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How Chinese tech companies are responding to the coronavirus outbreak

Companies have taken a series of measures to contain the illness.

Photo: Tuchong

The 2019 novel coronavirus, or 2019-nCoV, was first detected in Wuhan, the capital of central China’s Hubei province. It has been identified as a cousin of SARS, which claimed nearly 800 lives in 2002–03. As of January 21, 2019-nCoV has killed nine people and infected 440 individuals with pneumonia, state-owned People’s Daily reported, citing data released during a press conference held by China’s State Council on Wednesday. There are also confirmed cases in Japan, South Korea, Thailand, and the United States.

Chinese authorities have adopted strict prevention and control measures. Patients experiencing pneumonia symptoms are placed under quarantine, and individuals who have been in close contact with them undergo medical observation.

Zhong Nanshan, who leads a panel of experts at the National Health Commission, and who was the head of the Guangdong research institute for respiratory diseases during the SARS epidemic, has recognized that the virus is now transmittable between humans. During a televised interview with CCTV, he called on people to delay visits to Wuhan, and asked residents of the Hubei capital to remain within city limits unless there is an urgent need for outbound travel.

With Chinese tech companies’ services present in many facets of daily life—retail, travel, and more—these enterprises are implementing measures to ensure that the interests of consumers, partners, and employees are protected at a time when habits and routines undergo temporary changes.

E-commerce platforms are banning price hikes for medical masks

Alibaba’s C2C e-commerce platform Taobao said on its Weibo feed late Tuesday night that all merchants on Taobao and Tmall are prohibited from raising the prices of face masks. Group-buying platform Juhuasuan, which is accessible in Taobao’s app, will subsidize users who purchase face masks. Alihealth, which provides goods and services related to the medical industry, will keep its delivery service running during the Lunar New Year holiday, so that residents in cities including Wuhan, Beijing, Shanghai, Guangzhou, Shenzhen, and Chengdu can purchase and receive medicine and face masks if needed.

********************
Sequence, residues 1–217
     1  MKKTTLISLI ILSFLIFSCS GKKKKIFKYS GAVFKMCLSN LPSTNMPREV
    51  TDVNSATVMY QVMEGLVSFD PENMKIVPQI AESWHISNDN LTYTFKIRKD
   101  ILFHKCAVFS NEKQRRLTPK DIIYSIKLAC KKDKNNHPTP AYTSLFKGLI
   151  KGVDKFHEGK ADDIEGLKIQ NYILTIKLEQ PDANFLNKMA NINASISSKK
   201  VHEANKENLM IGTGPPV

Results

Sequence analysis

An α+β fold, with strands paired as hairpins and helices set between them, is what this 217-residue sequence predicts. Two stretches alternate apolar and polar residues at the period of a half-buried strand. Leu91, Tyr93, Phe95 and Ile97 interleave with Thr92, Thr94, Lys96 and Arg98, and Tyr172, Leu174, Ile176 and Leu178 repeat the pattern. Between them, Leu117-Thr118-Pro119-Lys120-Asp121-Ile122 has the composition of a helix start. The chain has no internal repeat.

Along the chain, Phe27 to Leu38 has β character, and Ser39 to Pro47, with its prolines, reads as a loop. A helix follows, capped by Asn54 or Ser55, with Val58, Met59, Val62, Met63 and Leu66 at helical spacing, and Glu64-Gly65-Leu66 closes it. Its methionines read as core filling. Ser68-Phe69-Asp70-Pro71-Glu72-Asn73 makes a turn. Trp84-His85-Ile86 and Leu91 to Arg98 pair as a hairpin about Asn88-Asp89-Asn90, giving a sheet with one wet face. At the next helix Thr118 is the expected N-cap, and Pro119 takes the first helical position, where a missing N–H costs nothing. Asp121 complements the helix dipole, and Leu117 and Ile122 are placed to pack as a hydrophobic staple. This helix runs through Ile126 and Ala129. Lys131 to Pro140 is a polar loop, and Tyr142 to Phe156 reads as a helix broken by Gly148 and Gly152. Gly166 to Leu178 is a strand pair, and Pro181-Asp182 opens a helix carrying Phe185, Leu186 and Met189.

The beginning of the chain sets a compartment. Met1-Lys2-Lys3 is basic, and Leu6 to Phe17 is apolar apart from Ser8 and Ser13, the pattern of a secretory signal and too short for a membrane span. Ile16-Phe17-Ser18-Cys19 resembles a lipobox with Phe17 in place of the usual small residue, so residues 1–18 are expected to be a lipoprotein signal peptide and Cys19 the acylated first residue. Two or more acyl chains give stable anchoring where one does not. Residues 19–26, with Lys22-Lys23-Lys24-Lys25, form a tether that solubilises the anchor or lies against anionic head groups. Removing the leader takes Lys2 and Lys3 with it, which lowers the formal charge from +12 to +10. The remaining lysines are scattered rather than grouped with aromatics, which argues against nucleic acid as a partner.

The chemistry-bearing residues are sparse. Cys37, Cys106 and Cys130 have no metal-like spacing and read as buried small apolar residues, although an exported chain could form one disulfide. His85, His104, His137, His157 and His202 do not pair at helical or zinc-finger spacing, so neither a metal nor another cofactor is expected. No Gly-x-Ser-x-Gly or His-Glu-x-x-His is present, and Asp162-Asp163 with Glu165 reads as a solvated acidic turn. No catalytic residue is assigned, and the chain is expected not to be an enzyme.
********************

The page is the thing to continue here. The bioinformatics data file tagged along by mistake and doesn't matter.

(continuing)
Other popular e-commerce platforms like Suning.com, JD.com, and Pinduoduo are implementing similar measures so that the prices of masks remain stable. A pack of ten medical masks is priced as low as RMB 18.90 (USD 2.70) on Pinduoduo.

Ride-hailing platforms offer free cancellations and protection for drivers

Ant Financial-backed Hello Chuxing is relaxing its ride cancellation policy for Wuhan between January 18 and February 2. If a driver or passenger using Hello Chuxing’s hitchhiking service cancels an order, they will not be charged any fees. Hello will cover compensation for the relevant parties during this period.

China’s largest ride-hailing platform Didi Chuxing is also offering free cancellation for trips within Wuhan from January 21 to 31, though this is limited to patients who have been infected with 2019-nCoV and individuals who have had close contact with them. Didi is also handing out masks and sanitizer liquids to its drivers.

Online travel agencies offer free cancellations

Trip, which was previously known as Ctrip, said on Tuesday that hotel bookings, tickets for tourist attractions, and transportation bookings made for Wuhan between January 21 and 31 can be cancelled with no penalty fees. Alibaba’s Fliggy and Meituan Dianping have similar policies.

On-demand service providers guard delivery fleets from infection

Meituan-Dianping is providing masks to its drivers, particularly those working in Wuhan. The company is also providing thermometers and hand sanitizers at stations where delivery agents congregate.

It has suspended food delivery services near some hospitals in Wuhan to keep its couriers away from critical areas. Alibaba’s Ele.me has implemented similar measures.

Food delivery platforms are removing listings of wild game

JD Daojia announced on Wednesday that it has delisted all foods made of meat of wild animals from its platform.

Meituan said on Tuesday that it has started to examine such foods on its platforms and are removing their listings and vendors together.

Tencent cancels red packet dole-out

Tencent has cancelled its annual red packet handout that was scheduled for February 1. Normally, on the first day back to work after the Lunar New Year break, founder Pony Ma and other executives amble through the office to give out red packets stuffed with cash to employees.

The company did not state an explicit reason for scrapping the activity, but said that any employee that feels unwell should take time off to avoid infecting other individuals at work.